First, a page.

Home > Emei Shan, Travel > Attack of the Pirate Monkeys

Attack of the Pirate Monkeys

After getting up late, getting the bus late, finally getting to Emei town, going back to the bus station to get Carl’s jacket that he’d left on the bus and navigating our way to the giant mystic mountain Emei Shan, we were getting the feeling it was too late to climb and make it to a guest house half way up the mountain. So we got the bus.

Emei Shan is one of the four sacred Buddhist mountains in China and one ofthe biggest tourist attractions in the Sichuan province. There are stairs that lead all the way to the top, but most Chinese tourists opt for the bus. As we’d arrived about 4 in the afternoon we also opted for the bus which would take us about three quarters of the way up. After the 2 hour bus ride up winding, well paved roads, we were on the mountain and beginning the 3 hour ascent to the top. We decided to stop at a scummy overpriced guesthouse near the summit so that we could climb to the remainder of the mountain for sunrise. We were accompanied by a scary group of middle aged Russians who informed us that it was a 2 hour walk to the top from the guest house and that we’d have to leave at 4:30am for the sunrise at 6:30am.

4am came and up Carl and I sprang from our insect ridden beds to navigate our way through the pitch black forest path leading to the summit. About an hour later, 5am, we were at the summit. Apart from a few pilgrims and the first morning birds we were the only ones there. Equipped with our head torches, we explored the exterior of the monasteries and the various Buddhist statues that dotted the area. We were honored to be with the true pilgrims who walked koras round the main Golden Buddha statue lighting candles and reciting mantras. We took our place with others who were slowly arriving and waited for the sunlight to break through. As 6:30am approached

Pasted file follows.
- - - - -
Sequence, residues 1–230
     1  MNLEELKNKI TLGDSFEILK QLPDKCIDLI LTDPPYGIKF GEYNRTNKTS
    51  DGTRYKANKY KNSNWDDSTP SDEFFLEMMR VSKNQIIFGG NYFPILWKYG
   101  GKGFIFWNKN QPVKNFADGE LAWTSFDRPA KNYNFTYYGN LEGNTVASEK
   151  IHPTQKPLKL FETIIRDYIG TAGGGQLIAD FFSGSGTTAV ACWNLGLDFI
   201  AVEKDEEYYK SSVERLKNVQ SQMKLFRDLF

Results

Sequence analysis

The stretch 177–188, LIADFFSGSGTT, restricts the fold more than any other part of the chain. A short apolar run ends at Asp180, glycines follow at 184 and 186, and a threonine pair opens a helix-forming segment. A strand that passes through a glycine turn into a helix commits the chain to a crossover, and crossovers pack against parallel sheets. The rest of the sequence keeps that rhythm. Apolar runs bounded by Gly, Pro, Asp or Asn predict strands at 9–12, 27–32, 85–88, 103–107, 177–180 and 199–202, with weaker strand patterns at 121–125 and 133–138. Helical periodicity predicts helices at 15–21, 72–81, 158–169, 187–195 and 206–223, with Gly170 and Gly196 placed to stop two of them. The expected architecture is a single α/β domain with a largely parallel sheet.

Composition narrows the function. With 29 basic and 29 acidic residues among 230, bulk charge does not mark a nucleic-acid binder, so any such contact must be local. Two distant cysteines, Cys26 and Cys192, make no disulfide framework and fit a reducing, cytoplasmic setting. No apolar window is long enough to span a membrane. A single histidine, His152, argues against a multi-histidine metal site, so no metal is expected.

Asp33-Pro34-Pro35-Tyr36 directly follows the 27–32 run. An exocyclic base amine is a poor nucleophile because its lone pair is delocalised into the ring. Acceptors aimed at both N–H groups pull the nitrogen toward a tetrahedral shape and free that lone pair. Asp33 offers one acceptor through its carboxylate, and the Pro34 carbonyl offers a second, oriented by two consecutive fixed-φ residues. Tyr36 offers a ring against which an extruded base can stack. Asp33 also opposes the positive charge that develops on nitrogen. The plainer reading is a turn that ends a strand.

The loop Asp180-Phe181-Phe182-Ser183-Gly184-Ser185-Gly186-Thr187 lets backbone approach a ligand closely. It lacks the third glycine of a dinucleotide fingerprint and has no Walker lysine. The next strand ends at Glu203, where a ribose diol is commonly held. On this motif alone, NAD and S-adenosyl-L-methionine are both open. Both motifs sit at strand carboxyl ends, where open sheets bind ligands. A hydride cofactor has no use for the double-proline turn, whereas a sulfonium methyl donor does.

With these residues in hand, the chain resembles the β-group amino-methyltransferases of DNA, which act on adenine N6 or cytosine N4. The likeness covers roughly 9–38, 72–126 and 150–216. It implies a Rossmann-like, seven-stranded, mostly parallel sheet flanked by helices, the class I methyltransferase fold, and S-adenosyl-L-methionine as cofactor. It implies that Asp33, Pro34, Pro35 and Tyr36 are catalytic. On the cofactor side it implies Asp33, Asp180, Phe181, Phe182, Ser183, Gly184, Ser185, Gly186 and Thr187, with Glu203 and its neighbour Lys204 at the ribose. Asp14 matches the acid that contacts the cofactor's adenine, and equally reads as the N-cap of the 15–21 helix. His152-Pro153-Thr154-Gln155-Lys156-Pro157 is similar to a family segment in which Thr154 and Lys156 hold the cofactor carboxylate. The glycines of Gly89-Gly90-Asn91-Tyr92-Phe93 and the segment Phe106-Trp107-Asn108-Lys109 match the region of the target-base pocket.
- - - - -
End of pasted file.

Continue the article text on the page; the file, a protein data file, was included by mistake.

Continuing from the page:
the summit became filled with Chinese tourist groups and the familiar high pitched chatter broke the silence of night time. Sunlight came but the views and indeed the sun itself were obscured by the clouds. Lots of heavy thick clouds that seemed to follow Carl and I where ever we climbed in China.

Then it was time for the descent. Although Carl tried his best to persuade me onto the bus I stubbornly maintained that if we didn’t walk up, the least we could do is walk down. Past the bus station the mountain became devoid of people, and those we passed going up were either Buddhist pilgrims, school groups or Western climbers. We passed one girl clinging onto the handrail in tears while her cackling boyfriend pushed her onwards and upwards with his walking stick. Carl decided at this point that he too needed a walking stick.

Four hours or so went by and we descended into the dense misty forest that dominated the mountain. Our knees were getting sore and our legs shook when we stopped but still I decided to ignore Carl’s requests to be airlifted off the mountain. Instead we bought Carl a bamboo stick which the locals told us would also come in handy to fight off those troublesome monkeys. However, Carl decided to use his stick as a) a dramatic aid for his exaggerated limp, and b) an air guitar. He sung a little song that went like this…

(In a Delta Blues Style – think slide guitar, Robert Johnson, Bubba White, Seasick Steve)